Studies on incest and paedophilia tap into the vampire archetype. The vampire complex lurks like a hidden virus in families, surfacing again and again in successive generations. Until someone breaks the ties that bind…
Bob Johnson continues, “Vampire lore suggests incest because the most startling aspect of the folkloric vampire is that he must first attack members of his own family. His victims are preordained to be those he loved most in life. Modern versions do not always include this element, but it is almost universal in vampire folktales. And so we have the vampire father and mother who must first attack those they love.” James Twitchell, in his book on incest writes about the vampire: “I cannot think of any other monster-molester in our culture who does such terrible things to young victims in such a gentlemanly manner. He is always polite and deferential, and his victim is almost always passive in return.” The deeply disturbing movie, Trust deals with online sexual predators and the shattering of trust in a family as a 14-year-old girl is groomed and lured by the vampiric Charlie.
Not all victims of vampires become vampires in turn. Some survive to write books, appear on talk shows. Young children escape the savage breast of a vampire mothers or a psychically devouring father. Elizabeth Lesser escaped her demon lover and wrote about her experiences in Broken Open. We are not required to become vampires. We allow ourselves to swoon. We stay too long. We deny our instincts. We vacillate, procrastinate, assuage our doubts, wish and hope it will all get better…. It never does. Without a strong sense of authentic self, a spiritual fountainhead that sustains our thirst, a sense of meaning, a philosophy that animates us when events in our lives darken all the silver linings in the clouds, we float in a void, drained of our life force, or sit, waiting at the window. Passively, we vacillate, procrastinate, and loiter in the darkness of our own fear, our own terror of living our lives with blood red passion…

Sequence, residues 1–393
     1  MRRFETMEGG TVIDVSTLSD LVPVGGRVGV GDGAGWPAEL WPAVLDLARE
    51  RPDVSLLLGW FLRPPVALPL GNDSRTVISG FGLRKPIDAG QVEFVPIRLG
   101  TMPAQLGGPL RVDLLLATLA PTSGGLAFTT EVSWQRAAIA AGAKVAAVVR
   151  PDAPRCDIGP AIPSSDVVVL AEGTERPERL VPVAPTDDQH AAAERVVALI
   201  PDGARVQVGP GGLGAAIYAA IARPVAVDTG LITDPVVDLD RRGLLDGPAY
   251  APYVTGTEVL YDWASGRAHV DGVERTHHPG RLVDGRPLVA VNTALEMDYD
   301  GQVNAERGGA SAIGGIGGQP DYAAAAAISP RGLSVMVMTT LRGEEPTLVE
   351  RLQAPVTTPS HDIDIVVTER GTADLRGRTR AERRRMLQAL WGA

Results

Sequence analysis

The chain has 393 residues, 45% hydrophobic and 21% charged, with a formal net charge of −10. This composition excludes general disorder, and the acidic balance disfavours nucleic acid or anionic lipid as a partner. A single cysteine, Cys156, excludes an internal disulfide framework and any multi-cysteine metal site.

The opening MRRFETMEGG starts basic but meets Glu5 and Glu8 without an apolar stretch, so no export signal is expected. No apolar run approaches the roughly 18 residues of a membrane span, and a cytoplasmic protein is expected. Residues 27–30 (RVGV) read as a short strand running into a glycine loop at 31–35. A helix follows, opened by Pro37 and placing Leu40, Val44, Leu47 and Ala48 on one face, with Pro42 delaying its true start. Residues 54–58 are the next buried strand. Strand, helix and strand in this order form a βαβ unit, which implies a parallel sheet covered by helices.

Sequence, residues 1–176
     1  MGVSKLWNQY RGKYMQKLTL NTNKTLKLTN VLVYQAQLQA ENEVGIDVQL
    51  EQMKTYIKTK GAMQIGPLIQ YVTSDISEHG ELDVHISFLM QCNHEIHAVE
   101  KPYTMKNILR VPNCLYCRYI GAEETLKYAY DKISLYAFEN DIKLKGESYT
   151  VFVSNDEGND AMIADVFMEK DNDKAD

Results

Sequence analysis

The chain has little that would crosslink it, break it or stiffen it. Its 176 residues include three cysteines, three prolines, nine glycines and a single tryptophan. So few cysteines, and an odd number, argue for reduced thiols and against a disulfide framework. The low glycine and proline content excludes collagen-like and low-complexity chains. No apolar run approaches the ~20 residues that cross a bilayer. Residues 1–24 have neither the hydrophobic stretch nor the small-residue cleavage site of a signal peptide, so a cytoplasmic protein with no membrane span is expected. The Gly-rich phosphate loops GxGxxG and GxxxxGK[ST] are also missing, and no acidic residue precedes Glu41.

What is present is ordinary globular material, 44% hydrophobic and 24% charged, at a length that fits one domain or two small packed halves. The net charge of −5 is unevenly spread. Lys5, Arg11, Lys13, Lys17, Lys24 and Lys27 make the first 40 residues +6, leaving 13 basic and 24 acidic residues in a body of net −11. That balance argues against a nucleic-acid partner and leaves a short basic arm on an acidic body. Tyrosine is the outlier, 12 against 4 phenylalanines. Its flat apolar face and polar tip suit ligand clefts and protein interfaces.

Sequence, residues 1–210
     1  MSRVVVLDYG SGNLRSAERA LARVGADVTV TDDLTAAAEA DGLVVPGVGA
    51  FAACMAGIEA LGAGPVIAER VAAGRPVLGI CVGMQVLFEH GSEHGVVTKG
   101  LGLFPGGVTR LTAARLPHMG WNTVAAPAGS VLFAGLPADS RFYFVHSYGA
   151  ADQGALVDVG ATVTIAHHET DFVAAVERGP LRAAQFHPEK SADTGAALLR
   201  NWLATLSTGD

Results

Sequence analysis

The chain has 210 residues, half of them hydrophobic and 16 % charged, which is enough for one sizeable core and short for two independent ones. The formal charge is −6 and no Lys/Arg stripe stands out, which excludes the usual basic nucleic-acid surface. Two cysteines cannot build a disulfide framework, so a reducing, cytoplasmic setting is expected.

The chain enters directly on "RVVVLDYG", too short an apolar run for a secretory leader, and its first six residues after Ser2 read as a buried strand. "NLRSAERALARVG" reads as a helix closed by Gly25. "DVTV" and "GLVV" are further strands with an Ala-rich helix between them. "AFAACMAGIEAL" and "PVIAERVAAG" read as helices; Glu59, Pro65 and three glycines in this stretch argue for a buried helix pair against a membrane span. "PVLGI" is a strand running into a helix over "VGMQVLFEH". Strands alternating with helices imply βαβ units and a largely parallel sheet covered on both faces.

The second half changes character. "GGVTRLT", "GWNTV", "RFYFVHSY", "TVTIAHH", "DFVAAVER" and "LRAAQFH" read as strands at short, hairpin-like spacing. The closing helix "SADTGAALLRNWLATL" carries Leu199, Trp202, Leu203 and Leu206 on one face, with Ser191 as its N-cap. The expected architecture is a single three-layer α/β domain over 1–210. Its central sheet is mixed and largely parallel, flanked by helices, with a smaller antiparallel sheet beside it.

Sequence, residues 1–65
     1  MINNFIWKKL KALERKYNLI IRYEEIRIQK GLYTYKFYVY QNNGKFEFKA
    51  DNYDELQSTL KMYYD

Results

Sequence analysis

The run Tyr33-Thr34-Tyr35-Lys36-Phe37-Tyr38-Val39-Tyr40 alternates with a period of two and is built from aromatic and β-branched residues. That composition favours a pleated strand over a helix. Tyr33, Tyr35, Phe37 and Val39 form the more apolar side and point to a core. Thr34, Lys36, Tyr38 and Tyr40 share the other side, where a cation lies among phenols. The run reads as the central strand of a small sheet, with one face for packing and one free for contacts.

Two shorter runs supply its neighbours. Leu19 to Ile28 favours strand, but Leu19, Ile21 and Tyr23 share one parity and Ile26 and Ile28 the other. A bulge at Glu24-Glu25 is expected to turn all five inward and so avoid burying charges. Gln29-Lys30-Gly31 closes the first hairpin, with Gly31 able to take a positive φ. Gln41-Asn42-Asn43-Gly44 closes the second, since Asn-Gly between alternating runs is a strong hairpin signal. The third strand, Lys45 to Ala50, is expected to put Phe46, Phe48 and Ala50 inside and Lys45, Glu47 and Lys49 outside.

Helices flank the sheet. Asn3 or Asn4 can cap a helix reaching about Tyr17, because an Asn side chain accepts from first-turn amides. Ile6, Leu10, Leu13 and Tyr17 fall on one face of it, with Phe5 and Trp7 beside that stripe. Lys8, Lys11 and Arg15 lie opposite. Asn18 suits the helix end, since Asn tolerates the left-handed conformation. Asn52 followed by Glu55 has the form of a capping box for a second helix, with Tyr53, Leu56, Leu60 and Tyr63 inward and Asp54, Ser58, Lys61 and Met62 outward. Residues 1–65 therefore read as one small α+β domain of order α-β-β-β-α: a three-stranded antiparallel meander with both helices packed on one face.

So our holy quest is to discover for ourselves that source of spiritual succour. To connect with our inner world through music, dance, poetry. To discover an activity that gives meaning to our lives. To draw into our lives those relationships that nourish and delight. It takes courage to dismount from the Ferris Wheel of busyness and distraction. Often it is an act of will to sit in a field of daisies, and listen to the whisper of our soul, the heartbeat of the earth. Like Parsifal, we need to ask the right question. And then take action to save ourselves.
Stevie Nick’s lyrics depict the vampiric dance
“Now and others say…. she’s not really real….Like a candle burns bright, wants to burn faster~ well maybe then… at least she really feels.. Burning like a candle in the middle…She’s lonely, lost…she’s disconnected. She finds no comfort in her surroundings. Beautiful, Insecure, she has nothing. She moves from situation to situation…. like a ghost. Then she sees him ….candle burning….”